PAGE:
WARREN Golf course overseer comments
Council voted Wednesday to pay off the remainder of Tony Joy's loan.
By AMANDA C. DAVIS
VINDICATOR TRUMBULL STAFF
WARREN -- The man on his way out as operator of Avalon South Golf Course says he doesn't want to see the course suffer because of a public dispute between the city and him.
Tony Joy Jr. continues to confirm bookings for the upcoming season and says he's making sure all contracts are honored, even though he has to be out of his office by Feb. 22.
City council is weighing whether to form a parks board to operate Avalon South and other city parks.
Council's finance committee will meet at 4 p.m. Thursday to discuss future changes at the city-owned golf course, including legislation to buy needed equipment.
Loan repayment: Lawmakers agreed unanimously Wednesday to take out an internal note to repay $345,000 of a $425,000 loan Joy secured in 1995 to make improvements.
Officials have said the interest rate on the loan will be lowered by 3 1/2 percent because the city is taking over.
Gary Fonce, D-at large, made a motion to form a committee to work with the administration and consider recommendations to make changes at the course.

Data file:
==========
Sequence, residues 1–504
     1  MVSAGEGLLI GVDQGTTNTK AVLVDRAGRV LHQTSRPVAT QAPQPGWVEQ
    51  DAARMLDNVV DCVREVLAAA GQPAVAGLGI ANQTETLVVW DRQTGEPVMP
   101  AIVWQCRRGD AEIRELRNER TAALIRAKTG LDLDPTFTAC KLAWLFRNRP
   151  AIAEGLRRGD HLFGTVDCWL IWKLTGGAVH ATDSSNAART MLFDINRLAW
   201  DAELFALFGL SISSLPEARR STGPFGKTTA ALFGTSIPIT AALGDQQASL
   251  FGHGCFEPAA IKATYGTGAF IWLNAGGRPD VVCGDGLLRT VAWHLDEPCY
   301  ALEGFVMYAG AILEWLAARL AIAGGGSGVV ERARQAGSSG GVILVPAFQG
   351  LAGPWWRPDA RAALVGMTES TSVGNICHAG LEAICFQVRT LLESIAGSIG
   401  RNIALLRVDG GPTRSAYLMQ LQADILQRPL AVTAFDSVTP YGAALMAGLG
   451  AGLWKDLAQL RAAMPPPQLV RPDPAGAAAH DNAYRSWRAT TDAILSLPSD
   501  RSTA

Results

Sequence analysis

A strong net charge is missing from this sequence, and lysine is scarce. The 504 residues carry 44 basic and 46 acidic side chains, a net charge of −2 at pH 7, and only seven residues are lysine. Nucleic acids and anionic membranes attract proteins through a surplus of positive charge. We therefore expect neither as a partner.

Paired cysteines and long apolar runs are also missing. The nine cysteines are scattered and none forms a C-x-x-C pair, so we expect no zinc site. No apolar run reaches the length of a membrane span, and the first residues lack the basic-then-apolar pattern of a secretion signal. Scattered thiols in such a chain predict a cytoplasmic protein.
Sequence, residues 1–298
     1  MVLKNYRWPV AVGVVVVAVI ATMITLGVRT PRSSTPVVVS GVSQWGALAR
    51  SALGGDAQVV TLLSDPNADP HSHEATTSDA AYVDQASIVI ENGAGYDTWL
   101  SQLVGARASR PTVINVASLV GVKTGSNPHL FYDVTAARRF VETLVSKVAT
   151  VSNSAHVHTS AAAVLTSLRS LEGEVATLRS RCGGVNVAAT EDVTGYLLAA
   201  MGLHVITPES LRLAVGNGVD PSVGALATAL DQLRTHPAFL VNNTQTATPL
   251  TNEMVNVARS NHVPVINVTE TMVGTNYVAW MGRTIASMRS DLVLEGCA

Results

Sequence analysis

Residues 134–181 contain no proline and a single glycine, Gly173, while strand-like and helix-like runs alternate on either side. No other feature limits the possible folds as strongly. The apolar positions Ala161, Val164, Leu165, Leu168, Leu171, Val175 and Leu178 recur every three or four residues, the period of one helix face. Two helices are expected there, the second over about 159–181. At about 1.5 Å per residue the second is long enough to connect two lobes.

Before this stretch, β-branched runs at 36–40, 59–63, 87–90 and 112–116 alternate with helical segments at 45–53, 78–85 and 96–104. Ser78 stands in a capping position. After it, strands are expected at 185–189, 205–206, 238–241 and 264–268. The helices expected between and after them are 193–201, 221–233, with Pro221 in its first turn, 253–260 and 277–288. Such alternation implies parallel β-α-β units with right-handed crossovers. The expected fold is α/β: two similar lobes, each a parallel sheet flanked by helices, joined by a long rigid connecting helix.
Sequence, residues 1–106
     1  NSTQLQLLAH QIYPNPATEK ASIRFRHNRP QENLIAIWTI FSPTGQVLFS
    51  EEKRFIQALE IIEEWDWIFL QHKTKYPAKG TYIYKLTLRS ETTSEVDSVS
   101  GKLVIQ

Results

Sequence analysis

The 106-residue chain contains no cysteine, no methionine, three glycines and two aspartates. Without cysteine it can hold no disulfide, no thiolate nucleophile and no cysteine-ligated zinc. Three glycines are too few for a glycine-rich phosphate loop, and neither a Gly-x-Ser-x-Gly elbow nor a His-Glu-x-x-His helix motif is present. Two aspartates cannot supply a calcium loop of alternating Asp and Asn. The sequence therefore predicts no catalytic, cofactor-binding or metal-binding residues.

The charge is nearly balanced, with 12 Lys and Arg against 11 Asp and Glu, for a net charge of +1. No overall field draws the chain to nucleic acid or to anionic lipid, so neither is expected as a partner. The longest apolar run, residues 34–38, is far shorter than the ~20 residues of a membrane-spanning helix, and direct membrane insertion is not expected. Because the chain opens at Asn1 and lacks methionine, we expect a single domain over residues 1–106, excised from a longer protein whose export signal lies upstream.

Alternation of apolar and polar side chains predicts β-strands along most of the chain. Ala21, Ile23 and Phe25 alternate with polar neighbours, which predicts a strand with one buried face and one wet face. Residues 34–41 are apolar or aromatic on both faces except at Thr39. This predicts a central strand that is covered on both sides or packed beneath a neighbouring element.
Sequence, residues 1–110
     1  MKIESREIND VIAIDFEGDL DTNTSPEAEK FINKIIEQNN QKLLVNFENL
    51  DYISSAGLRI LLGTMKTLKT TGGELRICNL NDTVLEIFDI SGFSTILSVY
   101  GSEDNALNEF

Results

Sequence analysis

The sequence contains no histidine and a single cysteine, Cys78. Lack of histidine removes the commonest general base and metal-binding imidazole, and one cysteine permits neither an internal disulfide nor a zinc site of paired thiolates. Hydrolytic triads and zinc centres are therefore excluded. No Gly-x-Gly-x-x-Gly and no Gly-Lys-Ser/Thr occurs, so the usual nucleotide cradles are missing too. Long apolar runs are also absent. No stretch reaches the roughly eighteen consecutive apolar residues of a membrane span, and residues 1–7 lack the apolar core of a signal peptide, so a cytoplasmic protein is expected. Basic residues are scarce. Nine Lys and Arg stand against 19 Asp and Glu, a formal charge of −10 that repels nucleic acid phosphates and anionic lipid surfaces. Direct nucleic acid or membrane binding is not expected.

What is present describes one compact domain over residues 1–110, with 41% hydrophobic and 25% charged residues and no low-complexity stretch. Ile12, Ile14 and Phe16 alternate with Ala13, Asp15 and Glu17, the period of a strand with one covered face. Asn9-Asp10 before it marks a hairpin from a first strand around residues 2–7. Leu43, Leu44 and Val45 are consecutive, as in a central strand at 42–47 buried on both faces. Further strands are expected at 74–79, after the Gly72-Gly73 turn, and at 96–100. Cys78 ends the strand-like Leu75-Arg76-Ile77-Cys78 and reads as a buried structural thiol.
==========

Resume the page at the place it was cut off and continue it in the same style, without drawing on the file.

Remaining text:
Council President Doug Franklin said he'll name a committee by Monday.
The legislation is part of a list of recommendations from the city administration that are aimed at turning around the troubled municipal course.
Bad publicity: Joy said Wednesday he doesn't want to see the course suffer because of bad publicity and doesn't want to get dragged into a finger-pointing match with the city.
He does think he's been made the scapegoat and was quick to say: "I'm sure not the bad guy. I've had a few bad years out here, that's all."
Joy, who operated the course under a lease agreement with the city, is behind in rental payments and county property taxes. The city paid Joy's real estate taxes a few times when the county threatened to foreclose.
He maintains he was promised by a former administration that the property would never be subject to taxation. The Ohio Department of Taxation ruled in 1994 that it is.
Joy also said that the tax bills always went to the city and that the first time he saw one was in 2000.
The city wants to create a parks board so the property can be exempt from taxation.
Out of pocket: Joy says his out-of-pocket expenses mounted at the course, especially after a big storm a few years ago that caused nearly $60,000 in damage. About half of that was covered by insurance, he says.
Much of the business at the course has consisted of league play, political fund-raisers and charity events.
Joy has disputed rumors that city officials and employees demanded free golf at Avalon South, but says he has extended free games to some officials, on occasion, as a courtesy.
Bob Marchese, D-at large, told fellow lawmakers that paying off the loan is the right thing to do because it will make residents feel secure that their interests are being protected.
"That course out there is definitely a jewel in the city," said Dan Polivka, D-at large, before the meeting.